T2151 and T2033 forms are both used when reporting transfers between registered pension plans. These forms are provided by the CRA and used to complete the annual return. T2151 is for the direct transfer of a single amount (lump sum). T2033 is also a direct transfer slip, albeit under different subsections. A T2033 is used for transfers between RRSP, RRIF, SSP and PRPP accounts. You can also transfer money from these plans to your registered pension plan. The form is a bit similar to T2151, but has four sections, making it a bit longer.
If you are considering transferring funds from your pension plan, it is essential to determine which CRA forms to fill and these two (T2151 and T2033) are the vital slips to track. Various reasons merit transferring funds from one savings plan to another. For instance, you might have multiple savings plans leading to retirement and choose to consolidate your funds into one account. You may also transfer funds to benefit from lower fees. Other reasons include the death of a spouse or common-law partner or divorce. CRA also allows you to transfer funds if you get a new employer with unique pension plans of their own.
How Do I Calculate the Total Amount of Transferred Funds for The T2151 And T2033?
Calculating the amount transferred should be an effortless task. You can move all funds in the pension account and close or leave it open. However, you cannot transfer more than you have in the transferor's account. There's also a lock-in provision that applies to specific transfers. Forms T2151 and 2033 are unusual, so it is recommended to use tax preparer services. Essentially, you will need to determine the amount sent to the new pension plan and add other withheld fees and provisions.
For starters, you need documentation on both accounts (transferor and transferee) provided by your current and past employers. Your pension plan administrator will also get one of the four identical slips you must fill. Pension plans are savings and benefits combined and you should be able to transfer all funds in any of your accounts. However, there are various deductions and it is advisable to consult a trusted tax preparer or use tax software.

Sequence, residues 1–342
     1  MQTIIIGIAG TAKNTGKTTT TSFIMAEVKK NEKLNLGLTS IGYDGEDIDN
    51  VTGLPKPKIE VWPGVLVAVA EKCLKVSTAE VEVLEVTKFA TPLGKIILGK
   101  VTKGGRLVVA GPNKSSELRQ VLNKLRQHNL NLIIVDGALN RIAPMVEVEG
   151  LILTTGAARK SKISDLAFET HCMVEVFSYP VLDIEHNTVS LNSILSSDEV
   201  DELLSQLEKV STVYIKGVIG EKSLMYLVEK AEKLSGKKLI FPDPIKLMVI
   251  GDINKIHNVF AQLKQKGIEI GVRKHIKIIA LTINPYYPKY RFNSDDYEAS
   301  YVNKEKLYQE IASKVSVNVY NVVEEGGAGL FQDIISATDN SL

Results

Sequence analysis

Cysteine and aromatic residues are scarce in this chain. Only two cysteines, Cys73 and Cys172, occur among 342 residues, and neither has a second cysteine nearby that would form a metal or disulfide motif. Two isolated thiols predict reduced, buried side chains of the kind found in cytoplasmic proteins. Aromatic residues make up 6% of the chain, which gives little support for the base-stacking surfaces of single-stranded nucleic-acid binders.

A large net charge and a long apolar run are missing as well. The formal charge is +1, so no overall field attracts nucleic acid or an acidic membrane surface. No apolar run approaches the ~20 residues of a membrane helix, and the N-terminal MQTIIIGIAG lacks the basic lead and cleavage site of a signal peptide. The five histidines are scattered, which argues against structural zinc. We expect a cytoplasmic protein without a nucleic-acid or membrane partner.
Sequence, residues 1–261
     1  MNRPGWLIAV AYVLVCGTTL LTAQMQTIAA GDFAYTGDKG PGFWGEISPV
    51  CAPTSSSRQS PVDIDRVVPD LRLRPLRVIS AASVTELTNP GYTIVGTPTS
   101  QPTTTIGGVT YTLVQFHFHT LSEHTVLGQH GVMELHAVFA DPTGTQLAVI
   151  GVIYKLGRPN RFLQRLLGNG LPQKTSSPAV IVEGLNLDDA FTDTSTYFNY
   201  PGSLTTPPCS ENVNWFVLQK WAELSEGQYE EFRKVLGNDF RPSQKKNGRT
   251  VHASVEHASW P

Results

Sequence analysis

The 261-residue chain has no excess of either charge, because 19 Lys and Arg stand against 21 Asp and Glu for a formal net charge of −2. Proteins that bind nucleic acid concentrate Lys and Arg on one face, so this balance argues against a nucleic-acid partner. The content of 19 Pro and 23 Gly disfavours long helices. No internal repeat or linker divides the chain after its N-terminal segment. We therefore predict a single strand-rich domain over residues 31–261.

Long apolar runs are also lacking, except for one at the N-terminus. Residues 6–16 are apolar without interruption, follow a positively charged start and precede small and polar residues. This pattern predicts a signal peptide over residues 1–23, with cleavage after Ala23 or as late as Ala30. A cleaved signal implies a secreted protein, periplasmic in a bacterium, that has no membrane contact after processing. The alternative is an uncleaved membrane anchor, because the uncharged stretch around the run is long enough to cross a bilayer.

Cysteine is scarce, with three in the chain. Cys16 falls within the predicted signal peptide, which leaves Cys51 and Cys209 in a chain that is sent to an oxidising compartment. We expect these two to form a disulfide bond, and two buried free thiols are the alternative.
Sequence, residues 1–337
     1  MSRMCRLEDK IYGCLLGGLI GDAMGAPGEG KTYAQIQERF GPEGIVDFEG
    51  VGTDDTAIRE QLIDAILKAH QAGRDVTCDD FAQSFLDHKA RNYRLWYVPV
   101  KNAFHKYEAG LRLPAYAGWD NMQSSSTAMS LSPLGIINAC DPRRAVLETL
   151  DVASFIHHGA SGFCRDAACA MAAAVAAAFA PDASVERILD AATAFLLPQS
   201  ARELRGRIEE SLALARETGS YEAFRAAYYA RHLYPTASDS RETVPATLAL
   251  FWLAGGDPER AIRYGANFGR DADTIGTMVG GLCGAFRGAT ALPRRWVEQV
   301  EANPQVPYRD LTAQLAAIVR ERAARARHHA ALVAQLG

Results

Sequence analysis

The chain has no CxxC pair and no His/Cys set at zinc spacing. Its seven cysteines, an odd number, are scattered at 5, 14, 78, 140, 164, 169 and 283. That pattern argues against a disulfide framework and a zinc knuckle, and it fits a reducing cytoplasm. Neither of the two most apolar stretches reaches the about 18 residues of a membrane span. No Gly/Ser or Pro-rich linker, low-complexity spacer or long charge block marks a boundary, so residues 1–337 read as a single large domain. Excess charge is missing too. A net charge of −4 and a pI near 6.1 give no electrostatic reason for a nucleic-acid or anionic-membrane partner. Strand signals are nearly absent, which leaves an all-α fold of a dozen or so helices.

How Do I Obtain a T2151?
Forms T2151 and T2033 are available online through the CRA website. You can log into CRA MyAccount and navigate to your tax slips or use the convenient search bar to locate your forms. These forms aren't usually sent directly to CRA offices. However, both are available for online filling, so you can easily fill and submit your slip through the CRA website. You can also download and print a PDF fillable version for manual filing and mailing.
To obtain either form, you must have CRA registered RPP or DPSP account number and transferable amounts. Transfers are restricted to the plans mentioned above. T2151 and T2033 forms from the CRA come with limited guidance on how to complete them, explaining the preference for tax services. You can get the same form from your tax software, which comes with simplified descriptions to help you understand how to complete calculations and fill in the required information.Wealthsimple Tax is a simple way to file your taxes. File your return with confidence it’s done right, and pay what you want—there’s no catch.